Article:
1:14 p.m. from King’s owner -- I just spoke with Dr. X and this is the plan. King will have three tests today: a nasal swab that will determine if he is shedding any virus, a virus isolation blood test will determine if there is any virus in his blood and a serology test that will be repeated later to determine any development of antibodies and signal if he was ever actually infected. According to Dr. X, we should have results in 2 - 3 days and if the first two come back negative then we can all breath a lot easier.
I will be putting latex gloves and hand sanitizer in the tack room for everyone to use. Many thanks to Ann for her advice and calm head.
So far King's temperatures have ranged between 99.6 and 99.8.
1:17 p.m. from a client: Thanks Peggy for being so aggressive with the testing. I wouldn't start taking temperatures from other farm horses unless King has a positive.
3:18 p.m. from a client: Note that a confirmed positive EHV-1 does not mean a neurologic case necessarily and a suspect is only a suspect. King may or may not be in that number.
May 19, 7:03 p.m. message from Dr. X: Here is a preliminary report for King. The most important part is the PCR test is negative for EHV 1/4
May 20, 9:45 a.m. from King’s owner: King is not to be taken out of quarantine yet!!!!!
While it is great news the King tested negative for the virus two days ago, it does not mean that he definitively does not have it. Also, the horse mentioned below is the horse that took the virus to the show last Saturday and not a new case that was borne from exposure at the show.
Thanks you all for taking the extra measures to keep King safely away from other horses and as happy as possible during his confinement.
12:01 p.m. message from Dr. X: Now that we have some test results back we do know that King is currently not shedding virus. That DOES NOT mean he should be free from quarantine at this point nor does it mean we should relax our efforts of good biosecurity measures. I just talked to the state veterinarian in (XXX) and confirmed that 1 horse from that show went home to Colorado, spiked a fever, and subsequently was diagnosed with EHV-1. It is not known by the (XXX) state veterinarian whether or not it was the neurologic form of EHV-1 or the respiratory form. The horse was not showing symptoms at the show in (XXX), but that does not mean it wasn’t shedding virus. We just don’t know. So for now, good news, but we must keep our guard up and wait this out.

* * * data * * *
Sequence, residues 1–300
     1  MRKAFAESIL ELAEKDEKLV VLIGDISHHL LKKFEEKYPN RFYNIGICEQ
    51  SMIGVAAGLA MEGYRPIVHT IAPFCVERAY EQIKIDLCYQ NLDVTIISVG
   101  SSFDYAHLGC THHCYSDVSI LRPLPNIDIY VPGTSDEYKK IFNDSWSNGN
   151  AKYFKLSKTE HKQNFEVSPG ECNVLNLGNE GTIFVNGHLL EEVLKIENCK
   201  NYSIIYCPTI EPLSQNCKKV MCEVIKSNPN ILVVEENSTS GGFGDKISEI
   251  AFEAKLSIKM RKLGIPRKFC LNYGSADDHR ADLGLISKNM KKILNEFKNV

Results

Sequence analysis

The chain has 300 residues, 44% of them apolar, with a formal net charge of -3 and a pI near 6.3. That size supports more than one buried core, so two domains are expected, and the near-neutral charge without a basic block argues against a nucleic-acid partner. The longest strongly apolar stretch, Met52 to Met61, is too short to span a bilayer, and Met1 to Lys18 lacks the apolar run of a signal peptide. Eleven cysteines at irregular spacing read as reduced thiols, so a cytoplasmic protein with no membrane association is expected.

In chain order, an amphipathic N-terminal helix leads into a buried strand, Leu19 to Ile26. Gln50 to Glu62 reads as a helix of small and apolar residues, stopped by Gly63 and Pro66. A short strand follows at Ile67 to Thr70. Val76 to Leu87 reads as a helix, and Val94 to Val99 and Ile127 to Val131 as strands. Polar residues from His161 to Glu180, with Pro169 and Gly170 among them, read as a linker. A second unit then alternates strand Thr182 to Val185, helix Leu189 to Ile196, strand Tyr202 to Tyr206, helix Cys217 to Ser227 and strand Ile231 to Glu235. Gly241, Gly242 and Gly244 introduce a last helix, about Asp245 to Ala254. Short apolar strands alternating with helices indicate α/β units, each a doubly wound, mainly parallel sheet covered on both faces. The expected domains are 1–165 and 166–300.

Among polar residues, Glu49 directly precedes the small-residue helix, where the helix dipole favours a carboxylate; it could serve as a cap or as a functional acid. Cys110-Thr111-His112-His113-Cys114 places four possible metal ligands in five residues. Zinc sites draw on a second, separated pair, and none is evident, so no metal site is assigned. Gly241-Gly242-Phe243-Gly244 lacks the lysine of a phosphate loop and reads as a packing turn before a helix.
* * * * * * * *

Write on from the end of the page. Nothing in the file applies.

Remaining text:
May 20, 12:46 p.m. message to clients: Also, in case I have not been clear about our self-imposed restrictions: No horses are to travel in/out of PRS until the veterinary community relaxes. Do not ride your horse on the bike trail. Keep farriers away, if possible. If you, without your horse of course, have to visit another non-biosecure horse facility, please observe the clothing/travel guidelines in the attached pamphlet. The reason: There is no way of knowing where infected horses have been, and whether they shed some chunk of virus on/at a facility, floor, trail, arena, etc. Pamphlet trivia: Did you know you should blow your nose after visiting new horses?
Being grounded sounds draconian yes, but over the years Poudre River Stables has survived, illness-free, during outbreaks of vesicular stomatitis and strangles (distemper) when other stables got sick, so please bear with me. If you do take your horse to a public place, please stay away until we have the all-clear from the veterinary community. Those of you who saw my old, beloved Imp get West Nile even though vaccinated, go neurologic, and survive, only to get cast in his stall and be put down after a terrible struggle due to an overtaxed heart, will understand. We want to avoid a similar scenario at all costs. The situation at PRS is hopeful. Let’s (s)not blow it. OK, bad pun.
May 22, 10:02 a.m. message to clients: John accidentally turned King out into (group)Turnout #1 while helping with turnout this morning, confusing him with Thunder (who looks almost identical). Pickle and Jazz were in Turnout #1 at the time. Though potential contact between King and Jazz-Pickle was brief, Jazz will remain isolated in the Livery (riverside pens) quarantine area. Pickle is in the goat pen, until we can figure out a better solution involving some sort of shelter. Turnout #1 is now off limits until King’s blood tests come back. Hobbes and Thunder are now getting “turned out” to Overnights #5 and #6.